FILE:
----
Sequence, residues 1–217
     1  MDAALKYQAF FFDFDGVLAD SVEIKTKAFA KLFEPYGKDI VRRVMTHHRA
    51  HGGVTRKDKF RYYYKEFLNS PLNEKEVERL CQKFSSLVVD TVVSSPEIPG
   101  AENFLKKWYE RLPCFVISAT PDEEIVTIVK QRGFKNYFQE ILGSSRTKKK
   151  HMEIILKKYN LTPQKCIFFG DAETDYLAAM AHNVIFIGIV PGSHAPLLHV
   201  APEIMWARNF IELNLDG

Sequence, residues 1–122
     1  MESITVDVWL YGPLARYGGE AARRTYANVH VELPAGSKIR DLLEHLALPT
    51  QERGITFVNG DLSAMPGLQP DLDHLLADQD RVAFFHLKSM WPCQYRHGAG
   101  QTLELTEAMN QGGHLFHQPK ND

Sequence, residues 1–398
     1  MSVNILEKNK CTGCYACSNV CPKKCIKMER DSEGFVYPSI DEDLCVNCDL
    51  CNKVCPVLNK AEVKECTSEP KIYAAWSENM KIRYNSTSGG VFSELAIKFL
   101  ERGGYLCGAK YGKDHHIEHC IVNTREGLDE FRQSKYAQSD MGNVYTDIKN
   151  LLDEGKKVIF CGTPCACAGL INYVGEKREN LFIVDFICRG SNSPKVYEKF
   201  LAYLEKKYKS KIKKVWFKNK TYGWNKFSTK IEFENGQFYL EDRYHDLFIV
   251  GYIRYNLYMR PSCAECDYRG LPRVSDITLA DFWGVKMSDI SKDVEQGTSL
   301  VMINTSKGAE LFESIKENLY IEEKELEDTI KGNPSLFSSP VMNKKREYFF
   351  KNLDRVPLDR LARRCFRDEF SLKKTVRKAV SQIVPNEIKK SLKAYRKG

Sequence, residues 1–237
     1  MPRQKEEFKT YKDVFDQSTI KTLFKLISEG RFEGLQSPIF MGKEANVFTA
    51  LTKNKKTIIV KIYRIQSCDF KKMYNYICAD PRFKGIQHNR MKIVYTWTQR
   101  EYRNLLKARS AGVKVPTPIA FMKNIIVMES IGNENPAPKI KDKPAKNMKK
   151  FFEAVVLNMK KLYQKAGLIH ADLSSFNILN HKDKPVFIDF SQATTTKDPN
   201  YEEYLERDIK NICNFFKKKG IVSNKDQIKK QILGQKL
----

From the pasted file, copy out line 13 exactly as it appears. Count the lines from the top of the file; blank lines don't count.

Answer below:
    51  CNKVCPVLNK AEVKECTSEP KIYAAWSENM KIRYNSTSGG VFSELAIKFL